The new field of astrophotonics aims to adapt photonics technology for use in astronomical instruments.Existing developments elsewhere include the use of fibre Bragg gratings to act as wavelength filters to remove atmospheric emission lines from astronomical spectra and the use of arrayed waveguides to disperse light. The United Kingdom Astronomy Technology Centre is currently working in collaboration with Heriot Watt University on the development of volume phase gratings manufactured in glass substrates using ultrafast laser inscription (ULI). These gratings are specifically aimed for use in near-infrared and mid-infrared instrumentation.
The student will work on the development of existing and new photonics technology for use in the next generation of astronomical instruments being designed by the UKATC. The student will design and test volume phase gratings which have been manufactured using ULI. The project will also involve the development of theoretical models of ULI grating behaviour. The student will also study the ULI manufacturing technique and optimise its performance for grating manufacture. The student will also investigate the synergies between waveguide technology and photonics technology with the aim of developing a slab waveguide spectrometer.
Design, development and characterisation of an affordable Real-Time Control System (RTCS) and micro-Deformable Mirror (µDM) for a multi-object instrument in the era of extremely large ground-based telescopes
Hermine Schnetler (e-mail email@example.com
) and Noah Schwartz
With the massive increase in the spatial resolution capability of the currently planned extremely large ground telescopes, the need for simple and affordable adaptive optics (AO) components will increase.The calibration and alignment of current AO systems are complex and time consuming and as such these systems are not easy to use and is also expensive to operate. The UK ATC was part of the EAGLE instrument and the advanced laser tomography system studies. EAGLE will be a multi-object instrument which will have the capability to perform 3-D spectral analysis simultaneously of twenty science fields distributed over a large patrol field. To achieve the required spatial resolution to deliver the science each instantaneous science field will be corrected for atmospheric turbulence by deploy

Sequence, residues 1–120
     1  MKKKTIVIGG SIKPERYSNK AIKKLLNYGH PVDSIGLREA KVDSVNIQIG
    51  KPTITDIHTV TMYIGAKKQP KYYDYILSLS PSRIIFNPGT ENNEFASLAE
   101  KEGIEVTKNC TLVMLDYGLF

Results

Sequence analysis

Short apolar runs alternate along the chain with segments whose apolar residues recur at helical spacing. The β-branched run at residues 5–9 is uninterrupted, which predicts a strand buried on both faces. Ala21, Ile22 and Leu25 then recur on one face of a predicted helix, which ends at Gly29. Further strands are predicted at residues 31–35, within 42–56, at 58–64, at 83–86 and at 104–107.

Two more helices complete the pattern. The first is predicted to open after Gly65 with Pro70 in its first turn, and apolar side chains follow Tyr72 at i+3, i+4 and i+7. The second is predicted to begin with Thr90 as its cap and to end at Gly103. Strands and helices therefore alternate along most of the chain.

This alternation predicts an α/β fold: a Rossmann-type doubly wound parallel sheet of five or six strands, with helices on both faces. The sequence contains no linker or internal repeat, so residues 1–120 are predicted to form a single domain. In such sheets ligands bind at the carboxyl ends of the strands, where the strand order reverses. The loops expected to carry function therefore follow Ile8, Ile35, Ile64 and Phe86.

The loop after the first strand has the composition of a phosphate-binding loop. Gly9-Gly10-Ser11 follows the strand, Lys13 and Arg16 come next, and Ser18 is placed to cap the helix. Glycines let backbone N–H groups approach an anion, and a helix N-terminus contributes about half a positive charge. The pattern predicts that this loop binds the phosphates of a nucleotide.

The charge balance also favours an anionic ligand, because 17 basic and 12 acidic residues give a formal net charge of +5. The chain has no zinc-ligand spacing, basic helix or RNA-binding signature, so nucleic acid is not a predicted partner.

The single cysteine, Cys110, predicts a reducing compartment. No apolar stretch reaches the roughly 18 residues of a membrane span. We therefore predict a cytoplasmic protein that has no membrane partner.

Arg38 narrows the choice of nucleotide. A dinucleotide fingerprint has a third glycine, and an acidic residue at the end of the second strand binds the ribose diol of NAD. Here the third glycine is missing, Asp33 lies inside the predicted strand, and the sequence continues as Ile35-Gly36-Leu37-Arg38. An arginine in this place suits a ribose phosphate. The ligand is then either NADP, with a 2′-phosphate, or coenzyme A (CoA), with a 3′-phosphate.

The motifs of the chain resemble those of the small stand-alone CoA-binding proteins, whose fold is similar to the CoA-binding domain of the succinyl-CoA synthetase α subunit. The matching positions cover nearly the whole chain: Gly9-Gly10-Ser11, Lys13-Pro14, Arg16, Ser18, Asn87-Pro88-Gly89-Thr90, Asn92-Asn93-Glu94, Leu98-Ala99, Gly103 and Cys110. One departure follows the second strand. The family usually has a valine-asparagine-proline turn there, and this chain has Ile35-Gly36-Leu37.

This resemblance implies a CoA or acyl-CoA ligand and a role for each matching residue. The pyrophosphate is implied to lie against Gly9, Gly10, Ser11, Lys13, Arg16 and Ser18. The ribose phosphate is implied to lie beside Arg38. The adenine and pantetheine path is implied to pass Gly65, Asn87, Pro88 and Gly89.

The student will work on the design, development and characterisation of the RTCS and the μDM. Firstly the student will be responsible for deriving the requirements for both items from the user requirements (science cases) and by working with the AO Systems Engineer at ONERA (Paris, France) utilising the existing analytical simulation model. Followed, the student will work with an engineering team composed of UK ATC and ONERA engineers to design, build and characterise (testing) the two major components in the laboratory. The student will also be responsible for the development of the test plan and defining the tests required to fully qualify the μDM and RTCS. There also might be an opportunity to test the component on-sky if the ONERA test facility is available. This will provide the student with an opportunity to compare the simulation results, with laboratory and on-sky results.
Characterising low luminosity stellar populations using PanSTARRS
Supervisors: Nigel Hambly
, Annette Ferguson
is a state-of-the-art sky survey project currently producing imaging data at an unprecedented rate in five optical passbands; the project has already imaged a significant fraction of the entire sky, and aims to revisit periodically each observed field to build up depth and/or time series measurements. It is the latter that makes PanSTARRS so important for studying low luminosity stellar populations, e.g. degenerate stars: the brown and white dwarfs. Such low luminosity stars are relatively nearby, and over time show significant motions against the backdrop of more distant objects. The nearest stars even show annual variations in their positions due to the changing line of sight as the Earth orbits the Sun (i.e. parallax). Because PanSTARRS
will monitor the sky so deeply, it will discover tens of thousands of degenerate stars.
One suggested science topic to exploit the survey is to measure the ages of the Galactic thin and thick disks and spheroid via the white dwarf luminosity function. White dwarf cooling/fading can be modelled rather accurately, and since the three Galactic components have a finite age, there must be some absolute luminosity below which white dwarfs have not had time fade. Plotting the number of white dwarfs per luminosity bin (the white dwarf luminosity function) tells us about the star formation history of the Galaxy, and provides a means to measure population ages.